The trial court entered an order dated October 15, 2010, denying the motion. In the order, the court noted that defendant's application was essentially a motion seeking reconsideration of the final judgment, which had not been filed within the time prescribed by Rule 4:49-2. The court also stated that because defendant had filed a notice of appeal from the final judgment, it did not have jurisdiction to consider the relief requested.

On this appeal, defendant raises the following arguments for our consideration: 1) the trial court's finding that defendant appeared at trial was erroneous; 2) the court erred by entering an order on February 19, 2010, dismissing the parties' then-pending motions; 3) the court erroneously found that the parties had reached a settlement; 4) the court failed to consider that "just days" before the court-ordered mediation on June 30, 2009, the Division of Youth and Family Services (DYFS)*fn1

had commenced an action against defendant; 5) the court's decision is not supported by the record and the court's opinion erroneously cites facts and "describes proceedings that have or have not taken place for over two and a half years"; 6) DYFS achieved "tremendous success" in the action against defendant and that case had "judicial and factual supremacy" over the "attempt" at mediation in this matter; 7) the "American Legal System does not work as originally intended" and defendant's rights were not protected in this case; 8) defendant was denied adequate representation by her attorney of record; and 9) plaintiff's attorney attempted "to defraud" the court by having the court sign an order granting plaintiff legal fees.

We have carefully reviewed the record and conclude that defendant's arguments are without sufficient merit to warrant discussion in a written opinion. R. 2:11-3(e)(1)(E). However, we add the following brief comments.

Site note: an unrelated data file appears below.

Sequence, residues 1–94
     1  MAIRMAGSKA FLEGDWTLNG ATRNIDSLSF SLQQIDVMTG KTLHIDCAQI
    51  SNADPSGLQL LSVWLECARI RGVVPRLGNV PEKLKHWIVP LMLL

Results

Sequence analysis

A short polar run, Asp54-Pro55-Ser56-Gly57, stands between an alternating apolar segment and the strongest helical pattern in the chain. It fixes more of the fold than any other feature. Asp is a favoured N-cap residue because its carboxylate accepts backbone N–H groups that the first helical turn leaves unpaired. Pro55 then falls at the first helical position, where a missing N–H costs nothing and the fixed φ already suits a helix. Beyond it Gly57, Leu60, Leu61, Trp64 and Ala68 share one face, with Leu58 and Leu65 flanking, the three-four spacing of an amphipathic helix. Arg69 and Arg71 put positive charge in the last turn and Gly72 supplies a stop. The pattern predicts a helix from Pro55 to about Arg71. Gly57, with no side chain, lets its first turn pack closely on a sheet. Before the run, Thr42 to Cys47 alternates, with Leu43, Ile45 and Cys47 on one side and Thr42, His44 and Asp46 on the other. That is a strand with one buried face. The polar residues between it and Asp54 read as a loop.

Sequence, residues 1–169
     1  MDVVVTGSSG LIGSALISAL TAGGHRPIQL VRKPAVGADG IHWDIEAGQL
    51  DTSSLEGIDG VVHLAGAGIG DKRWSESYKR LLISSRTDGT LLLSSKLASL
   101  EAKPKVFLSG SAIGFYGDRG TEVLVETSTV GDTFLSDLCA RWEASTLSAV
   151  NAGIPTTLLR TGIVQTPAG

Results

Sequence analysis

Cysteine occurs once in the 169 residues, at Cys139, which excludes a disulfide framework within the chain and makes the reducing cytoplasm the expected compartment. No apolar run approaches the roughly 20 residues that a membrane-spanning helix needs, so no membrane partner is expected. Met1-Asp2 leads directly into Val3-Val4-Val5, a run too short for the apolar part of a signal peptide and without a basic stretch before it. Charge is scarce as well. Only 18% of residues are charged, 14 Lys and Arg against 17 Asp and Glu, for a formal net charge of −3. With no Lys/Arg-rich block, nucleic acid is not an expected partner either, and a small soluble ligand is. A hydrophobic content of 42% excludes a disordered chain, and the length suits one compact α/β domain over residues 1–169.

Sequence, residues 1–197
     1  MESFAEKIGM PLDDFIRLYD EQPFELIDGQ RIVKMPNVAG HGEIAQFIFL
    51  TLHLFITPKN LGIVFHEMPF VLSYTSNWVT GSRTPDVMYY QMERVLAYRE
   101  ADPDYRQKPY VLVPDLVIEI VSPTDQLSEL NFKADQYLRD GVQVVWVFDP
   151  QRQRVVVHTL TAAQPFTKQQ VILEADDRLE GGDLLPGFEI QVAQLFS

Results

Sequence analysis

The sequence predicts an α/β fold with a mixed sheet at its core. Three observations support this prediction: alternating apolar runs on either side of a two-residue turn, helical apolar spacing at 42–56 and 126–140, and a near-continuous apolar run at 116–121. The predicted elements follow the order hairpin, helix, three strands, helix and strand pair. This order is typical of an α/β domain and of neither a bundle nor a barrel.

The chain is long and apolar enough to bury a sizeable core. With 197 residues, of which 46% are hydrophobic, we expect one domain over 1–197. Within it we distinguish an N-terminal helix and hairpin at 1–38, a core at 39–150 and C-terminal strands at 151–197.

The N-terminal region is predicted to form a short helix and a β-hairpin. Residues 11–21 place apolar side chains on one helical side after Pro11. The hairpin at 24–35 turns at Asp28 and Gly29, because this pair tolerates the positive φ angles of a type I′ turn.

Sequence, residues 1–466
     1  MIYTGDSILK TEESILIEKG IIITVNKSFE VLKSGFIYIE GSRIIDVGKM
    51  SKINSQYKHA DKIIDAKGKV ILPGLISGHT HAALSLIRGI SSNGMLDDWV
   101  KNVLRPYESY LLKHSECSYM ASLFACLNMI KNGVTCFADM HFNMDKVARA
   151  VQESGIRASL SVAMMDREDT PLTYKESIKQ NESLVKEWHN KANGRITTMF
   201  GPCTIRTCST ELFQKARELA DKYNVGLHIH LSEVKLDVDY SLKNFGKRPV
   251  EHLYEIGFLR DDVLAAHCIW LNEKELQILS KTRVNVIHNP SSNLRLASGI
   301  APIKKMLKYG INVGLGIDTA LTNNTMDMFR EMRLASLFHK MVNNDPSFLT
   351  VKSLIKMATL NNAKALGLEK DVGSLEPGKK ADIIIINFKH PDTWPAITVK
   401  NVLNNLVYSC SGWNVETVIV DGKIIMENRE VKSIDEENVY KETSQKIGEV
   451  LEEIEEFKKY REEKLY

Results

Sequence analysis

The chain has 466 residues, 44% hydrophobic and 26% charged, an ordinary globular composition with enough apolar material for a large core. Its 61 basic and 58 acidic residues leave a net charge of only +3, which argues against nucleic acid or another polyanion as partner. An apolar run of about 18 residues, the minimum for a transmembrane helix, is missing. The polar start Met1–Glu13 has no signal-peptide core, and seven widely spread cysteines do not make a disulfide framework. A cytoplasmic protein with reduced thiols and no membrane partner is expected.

Defendant argues that there was insufficient competent and credible evidence to support the trial court's finding that the parties reached a settlement at the June 30, 2009 mediation session. We disagree.

"The scope of appellate review of a trial court's fact-finding function is limited." Cesare v. Cesare, 154 N.J. 394, 411 (1998). A trial court's factual findings "are binding on appeal when supported by adequate, substantial, credible evidence." Id. at 411-12 (citing Rova Farms Resort, Inc. v. Investors Ins. Co., 65 N.J. 474, 484 (1974)). Furthermore, deference to the trial court's factual determinations is "especially appropriate 'when the evidence is largely testimonial and involves questions of credibility.'" Id. at 412 (quoting In re Return of Weapons to J.W.D., 149 N.J. 108, 117 (1997)).

We are satisfied that there is sufficient credible evidence in the record to support the trial court's determination that the parties reached a settlement at the June 30, 2009 mediation. As we explained previously, the court's determination was based in large part on its finding that plaintiff's testimony regarding the settlement was credible, while defendant's testimony was not. We must defer to the trial court's assessment of the veracity of the witnesses since the court observed the witnesses and heard them testify. Ibid. (citing Pascale v. Pascale, 113 N.J. 20, 33 (1988)).

Defendant further argues that she was denied proper representation in the matter because her attorney had a conflict of interest. She maintains that such a conflict of interest arose because her attorney was concurrently representing one of plaintiff's friends. Again, we disagree.

Defendant has not established that counsel's purported representation of another client was "directly adverse" to her interests. RPC 1.7(a)(1). She also has not shown that there was a "significant risk" that the attorney's representation of her would be "materially limited" by his representation of another client. RPC 1.7(a)(2).